As I write, it’s 10 a.m. on a Tuesday morning and Disney Plus, the new streaming service from the Walt Disney Company, is crashing.
I can’t watch the highly anticipated Disney Plus original The Mandalorian or any Star Wars content for that matter. The new Lady and the Tramp movie, nope. Disney’s Hercules? Can’t go the distance. I feel like Anger from the Pixar movie Inside Out.
Oh yeah, I can’t watch that either.
The streaming service, which is home to a massive collection of Disney content including everything Star Wars, Marvel, Pixar and Disney Channel-related, including classic Disney cartoons, went live early Tuesday. But by 7 a.m., users across social media platforms were reporting massive outages.
By 9 a.m., Downdetector, a website that monitors outages for technology services, had received thousands of reports of connection issues. Most people were able to login and access menus, but nearly 80 percent of reported issues came from streaming services.
Some trying to watch reported a simple “Something went wrong. Please try again later,” message while others were greeted with an image of an excited Vanellope von Schweetz and a disappointed Wreck-It Ralph holding WiFi signals of contrasting strengths with a message stating a connection issue.
I couldn’t’ watch Wreck-It Ralph or its sequel either.
Just before 11 a.m., the Disney Plus Twitter account acknowledged the crash, saying: “The demand for #DisneyPlus has exceeded our highest expectations. We are so pleased you’re excited to watch all your favorites and are working quickly to resolve any current issues. We appreciate your patience.”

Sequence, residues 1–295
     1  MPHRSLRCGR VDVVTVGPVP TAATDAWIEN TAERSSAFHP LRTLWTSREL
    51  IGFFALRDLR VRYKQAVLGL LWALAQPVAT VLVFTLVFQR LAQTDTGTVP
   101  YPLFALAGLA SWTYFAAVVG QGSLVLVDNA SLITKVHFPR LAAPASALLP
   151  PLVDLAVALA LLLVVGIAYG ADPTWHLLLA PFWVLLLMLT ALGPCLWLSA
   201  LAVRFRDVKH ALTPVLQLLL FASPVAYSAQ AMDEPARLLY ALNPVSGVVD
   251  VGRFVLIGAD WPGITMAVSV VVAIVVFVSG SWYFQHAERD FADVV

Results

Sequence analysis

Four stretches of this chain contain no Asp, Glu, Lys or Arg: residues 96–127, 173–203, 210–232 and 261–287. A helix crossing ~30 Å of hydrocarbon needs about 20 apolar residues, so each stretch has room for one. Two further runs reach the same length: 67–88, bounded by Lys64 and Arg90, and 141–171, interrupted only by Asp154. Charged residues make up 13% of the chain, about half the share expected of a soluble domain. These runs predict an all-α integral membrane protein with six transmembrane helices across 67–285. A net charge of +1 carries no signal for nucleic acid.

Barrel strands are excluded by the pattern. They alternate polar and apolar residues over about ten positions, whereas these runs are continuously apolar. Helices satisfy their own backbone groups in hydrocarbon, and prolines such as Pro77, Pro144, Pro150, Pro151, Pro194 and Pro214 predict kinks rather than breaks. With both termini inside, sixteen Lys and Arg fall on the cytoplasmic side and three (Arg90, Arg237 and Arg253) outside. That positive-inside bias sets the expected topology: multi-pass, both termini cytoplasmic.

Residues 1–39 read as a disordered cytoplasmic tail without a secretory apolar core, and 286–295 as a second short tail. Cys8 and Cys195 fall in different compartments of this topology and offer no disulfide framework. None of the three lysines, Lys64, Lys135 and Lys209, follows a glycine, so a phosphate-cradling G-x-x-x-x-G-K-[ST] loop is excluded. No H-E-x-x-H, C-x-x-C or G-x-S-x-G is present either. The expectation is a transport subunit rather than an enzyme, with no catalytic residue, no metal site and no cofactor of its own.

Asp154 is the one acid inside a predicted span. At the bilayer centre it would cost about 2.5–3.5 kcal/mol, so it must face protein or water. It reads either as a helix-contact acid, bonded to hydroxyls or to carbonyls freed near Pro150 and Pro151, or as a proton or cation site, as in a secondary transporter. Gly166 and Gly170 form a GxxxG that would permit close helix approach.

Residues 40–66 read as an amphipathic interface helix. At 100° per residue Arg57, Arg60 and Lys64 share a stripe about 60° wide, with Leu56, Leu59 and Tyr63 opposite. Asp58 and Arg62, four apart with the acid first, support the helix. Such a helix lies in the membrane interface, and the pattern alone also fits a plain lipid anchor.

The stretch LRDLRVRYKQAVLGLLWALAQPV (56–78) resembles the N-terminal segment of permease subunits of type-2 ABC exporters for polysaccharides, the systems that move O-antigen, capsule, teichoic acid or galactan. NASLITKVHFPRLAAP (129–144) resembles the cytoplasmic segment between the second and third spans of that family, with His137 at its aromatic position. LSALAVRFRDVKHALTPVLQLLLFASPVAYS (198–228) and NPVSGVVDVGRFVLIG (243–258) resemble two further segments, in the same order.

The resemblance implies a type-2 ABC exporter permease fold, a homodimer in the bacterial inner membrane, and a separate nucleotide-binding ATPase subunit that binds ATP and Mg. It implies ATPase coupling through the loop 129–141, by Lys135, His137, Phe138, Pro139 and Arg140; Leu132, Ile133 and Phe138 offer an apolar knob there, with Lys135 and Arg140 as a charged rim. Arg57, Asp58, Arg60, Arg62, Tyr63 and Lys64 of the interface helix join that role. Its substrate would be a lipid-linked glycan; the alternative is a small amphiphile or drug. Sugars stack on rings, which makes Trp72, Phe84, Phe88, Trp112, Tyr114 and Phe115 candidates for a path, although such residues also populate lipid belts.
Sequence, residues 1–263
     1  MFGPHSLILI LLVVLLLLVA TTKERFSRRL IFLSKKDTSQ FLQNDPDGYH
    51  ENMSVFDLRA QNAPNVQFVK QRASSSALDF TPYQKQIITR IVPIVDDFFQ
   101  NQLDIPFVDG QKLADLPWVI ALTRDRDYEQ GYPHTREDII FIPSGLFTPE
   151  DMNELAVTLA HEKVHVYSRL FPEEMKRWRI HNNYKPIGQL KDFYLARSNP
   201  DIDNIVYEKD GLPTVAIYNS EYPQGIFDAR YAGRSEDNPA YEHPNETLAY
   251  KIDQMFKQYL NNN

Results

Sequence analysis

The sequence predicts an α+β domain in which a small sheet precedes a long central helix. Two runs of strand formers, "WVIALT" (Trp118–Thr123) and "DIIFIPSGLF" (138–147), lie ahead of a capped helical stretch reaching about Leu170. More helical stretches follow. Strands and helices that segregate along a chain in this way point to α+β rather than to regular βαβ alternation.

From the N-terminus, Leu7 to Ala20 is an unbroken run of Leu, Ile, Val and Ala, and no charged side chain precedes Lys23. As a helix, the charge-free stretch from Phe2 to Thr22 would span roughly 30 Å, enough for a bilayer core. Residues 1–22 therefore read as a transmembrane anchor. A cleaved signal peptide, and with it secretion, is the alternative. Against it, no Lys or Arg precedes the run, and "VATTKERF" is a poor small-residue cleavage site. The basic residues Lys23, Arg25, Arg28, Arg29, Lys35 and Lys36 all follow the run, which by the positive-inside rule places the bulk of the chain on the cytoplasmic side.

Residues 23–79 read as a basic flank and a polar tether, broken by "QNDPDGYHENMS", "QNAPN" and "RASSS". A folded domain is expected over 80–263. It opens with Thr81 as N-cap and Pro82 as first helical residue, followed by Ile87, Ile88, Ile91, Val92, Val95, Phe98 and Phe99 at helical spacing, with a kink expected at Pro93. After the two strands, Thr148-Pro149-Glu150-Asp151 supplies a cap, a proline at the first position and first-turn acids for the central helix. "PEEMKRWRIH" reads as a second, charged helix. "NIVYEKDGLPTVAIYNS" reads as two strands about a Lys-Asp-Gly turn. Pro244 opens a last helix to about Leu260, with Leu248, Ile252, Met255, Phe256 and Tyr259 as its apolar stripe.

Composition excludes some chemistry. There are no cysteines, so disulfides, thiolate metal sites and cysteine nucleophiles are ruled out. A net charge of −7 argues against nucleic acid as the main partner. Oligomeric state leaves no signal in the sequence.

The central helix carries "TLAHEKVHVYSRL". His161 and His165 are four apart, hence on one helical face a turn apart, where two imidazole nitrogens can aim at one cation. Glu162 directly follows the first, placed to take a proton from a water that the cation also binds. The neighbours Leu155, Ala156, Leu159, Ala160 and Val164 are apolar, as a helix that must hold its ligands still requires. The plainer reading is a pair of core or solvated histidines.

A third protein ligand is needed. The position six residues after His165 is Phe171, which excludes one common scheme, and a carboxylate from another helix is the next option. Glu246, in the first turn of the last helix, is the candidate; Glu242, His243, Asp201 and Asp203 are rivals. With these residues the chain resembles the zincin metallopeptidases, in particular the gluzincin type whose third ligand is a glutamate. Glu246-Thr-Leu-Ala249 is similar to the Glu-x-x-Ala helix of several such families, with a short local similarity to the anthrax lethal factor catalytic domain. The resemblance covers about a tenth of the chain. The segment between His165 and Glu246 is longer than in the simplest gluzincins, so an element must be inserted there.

No other information was available and Disney did not immediately respond to a request for comment.
The service launched Tuesday after two years of planning and a $3 billion investment. The launch is expected to be a test for one of Disney CEO Bob Iger’s chief lieutenants and possible successors, Kevin Meyer. Meyer was named chairman of Disney’s direct-to-consumer and international division in March 2018.
At a preview event last week, Meyer said he’d been anxiously awaiting the Tuesday launch, sweating details beig and small to make sure it could handle tens of thousands of simultaneous online orders.
“We’ve worked extremely hard to create a service that’s second to none,” he said.
Most issues seemed to be resolved before noon.
Information from the Associated Press was used for this report.